After a delay, trading customers of the collapsed MF Global are starting to regain access to their money in accounts that have been frozen since the firm filed for bankruptcy court protection Oct. 31.
The company that operates the Chicago Mercantile Exchange and other futures exchanges said Wednesday that the complex process of combing through MF Global's customers' roughly 15,000 futures trading accounts and verifying each balance is taking longer than originally thought.
CME originally set a deadline of Tuesday for releasing the $1.45 billion in the accounts. Chicago-based CME said in a statement that the accounts are being released on a rolling basis and the process is expected to be completed by week's end.
MF Global collapsed after making a disastrous bet on European debt. Over $600 million of clients' money is still missing.
CME, which regulates companies such as MF Global that trade on its exchanges, has been conducting the review with staff of the U.S. Commodity Futures Trading Commission and the trustee appointed by the bankruptcy court.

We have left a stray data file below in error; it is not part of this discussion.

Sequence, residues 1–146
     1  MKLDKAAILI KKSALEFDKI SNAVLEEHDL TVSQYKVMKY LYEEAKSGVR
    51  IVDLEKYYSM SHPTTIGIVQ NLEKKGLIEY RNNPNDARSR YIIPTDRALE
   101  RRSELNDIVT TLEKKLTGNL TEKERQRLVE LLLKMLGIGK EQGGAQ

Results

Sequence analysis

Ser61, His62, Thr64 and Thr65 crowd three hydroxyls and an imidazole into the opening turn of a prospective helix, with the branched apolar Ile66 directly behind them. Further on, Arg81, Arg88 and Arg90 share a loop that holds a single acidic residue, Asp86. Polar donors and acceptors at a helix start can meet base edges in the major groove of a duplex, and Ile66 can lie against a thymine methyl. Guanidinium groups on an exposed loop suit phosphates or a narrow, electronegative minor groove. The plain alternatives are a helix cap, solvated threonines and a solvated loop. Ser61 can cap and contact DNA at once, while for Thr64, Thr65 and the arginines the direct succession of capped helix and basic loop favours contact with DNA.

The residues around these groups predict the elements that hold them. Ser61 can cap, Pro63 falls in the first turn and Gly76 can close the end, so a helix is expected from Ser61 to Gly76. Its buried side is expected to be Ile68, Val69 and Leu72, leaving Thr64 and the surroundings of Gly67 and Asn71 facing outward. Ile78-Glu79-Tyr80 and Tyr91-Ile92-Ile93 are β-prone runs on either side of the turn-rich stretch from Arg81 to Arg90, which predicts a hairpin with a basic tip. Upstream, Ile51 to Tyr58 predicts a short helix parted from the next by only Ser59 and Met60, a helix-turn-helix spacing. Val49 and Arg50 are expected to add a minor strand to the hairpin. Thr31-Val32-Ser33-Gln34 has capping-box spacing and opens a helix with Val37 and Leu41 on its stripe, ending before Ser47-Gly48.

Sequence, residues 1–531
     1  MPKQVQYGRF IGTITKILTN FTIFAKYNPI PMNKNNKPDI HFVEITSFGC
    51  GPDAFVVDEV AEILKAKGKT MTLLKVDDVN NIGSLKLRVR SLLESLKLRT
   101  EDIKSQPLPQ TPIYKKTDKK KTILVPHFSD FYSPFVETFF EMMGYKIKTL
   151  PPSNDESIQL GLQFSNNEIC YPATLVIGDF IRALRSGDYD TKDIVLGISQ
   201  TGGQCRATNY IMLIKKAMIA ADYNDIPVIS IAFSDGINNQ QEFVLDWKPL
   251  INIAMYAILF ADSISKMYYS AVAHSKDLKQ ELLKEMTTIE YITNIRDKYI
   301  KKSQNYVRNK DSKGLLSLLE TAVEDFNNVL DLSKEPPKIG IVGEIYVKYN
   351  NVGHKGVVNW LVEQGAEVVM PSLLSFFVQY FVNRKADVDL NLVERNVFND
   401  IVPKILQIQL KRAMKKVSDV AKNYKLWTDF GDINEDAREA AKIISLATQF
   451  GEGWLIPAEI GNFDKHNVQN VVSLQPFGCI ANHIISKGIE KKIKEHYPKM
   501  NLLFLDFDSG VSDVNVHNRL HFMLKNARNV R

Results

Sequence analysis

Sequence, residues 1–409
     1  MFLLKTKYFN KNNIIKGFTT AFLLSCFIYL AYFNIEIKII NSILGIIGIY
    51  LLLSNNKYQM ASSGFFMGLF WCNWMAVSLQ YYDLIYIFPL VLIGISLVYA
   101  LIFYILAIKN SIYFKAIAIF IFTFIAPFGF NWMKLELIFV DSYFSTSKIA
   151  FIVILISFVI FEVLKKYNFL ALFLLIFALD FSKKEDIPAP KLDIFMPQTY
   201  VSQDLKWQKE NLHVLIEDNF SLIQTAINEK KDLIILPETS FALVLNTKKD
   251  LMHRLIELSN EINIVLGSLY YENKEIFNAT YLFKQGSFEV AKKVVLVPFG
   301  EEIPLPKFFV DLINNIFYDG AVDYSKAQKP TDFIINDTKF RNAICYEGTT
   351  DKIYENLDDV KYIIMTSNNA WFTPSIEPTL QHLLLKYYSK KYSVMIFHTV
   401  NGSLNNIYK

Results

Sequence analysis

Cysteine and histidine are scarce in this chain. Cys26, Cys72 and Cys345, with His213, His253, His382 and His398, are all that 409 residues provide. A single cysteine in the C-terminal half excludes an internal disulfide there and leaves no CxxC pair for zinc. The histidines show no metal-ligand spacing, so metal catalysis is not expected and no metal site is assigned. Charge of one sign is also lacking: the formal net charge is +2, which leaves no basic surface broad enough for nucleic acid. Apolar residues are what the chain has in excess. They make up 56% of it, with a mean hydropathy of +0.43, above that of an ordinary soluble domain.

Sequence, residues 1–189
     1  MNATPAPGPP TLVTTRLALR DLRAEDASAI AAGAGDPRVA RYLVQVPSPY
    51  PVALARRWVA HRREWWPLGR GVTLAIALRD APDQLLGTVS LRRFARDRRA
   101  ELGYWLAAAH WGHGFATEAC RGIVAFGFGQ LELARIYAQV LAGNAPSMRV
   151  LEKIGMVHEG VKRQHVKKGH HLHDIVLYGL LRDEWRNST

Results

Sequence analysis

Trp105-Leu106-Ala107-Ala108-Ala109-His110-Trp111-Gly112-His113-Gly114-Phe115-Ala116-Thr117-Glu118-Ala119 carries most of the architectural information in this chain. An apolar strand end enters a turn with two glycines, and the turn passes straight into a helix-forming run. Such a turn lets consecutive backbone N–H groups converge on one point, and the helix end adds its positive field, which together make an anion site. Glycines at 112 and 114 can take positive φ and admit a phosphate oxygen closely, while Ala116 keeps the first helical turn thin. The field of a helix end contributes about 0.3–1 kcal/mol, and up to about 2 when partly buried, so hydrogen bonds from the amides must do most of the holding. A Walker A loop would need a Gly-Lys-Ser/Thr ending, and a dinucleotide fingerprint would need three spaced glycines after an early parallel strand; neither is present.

"We understand the frustration and the need for accurate information," CME spokesman Michael Shore said. "We are working very closely with the regulators and the trustee to represent our customers' interests."
Customers use the accounts for trading derivatives, investments whose value is based on the value of an underlying asset, such as interest rates, oil prices or currency rates. MF Global was one of the biggest players in the derivatives market. Regulators are investigating whether the firm used money from clients' accounts as its own financial condition worsened. That would be a violation of securities rules. The FBI is investigating whether MF Global violated any criminal laws.
The Futures Industry Association said in a statement Wednesday that it was "deeply troubled" by MF Global's failure and the stress it has put on the market and traders.
"Futures customers cannot afford to have the funds they had deposited to support their positions held up while the claims process runs its course," the association said of the delay in releasing the frozen accounts.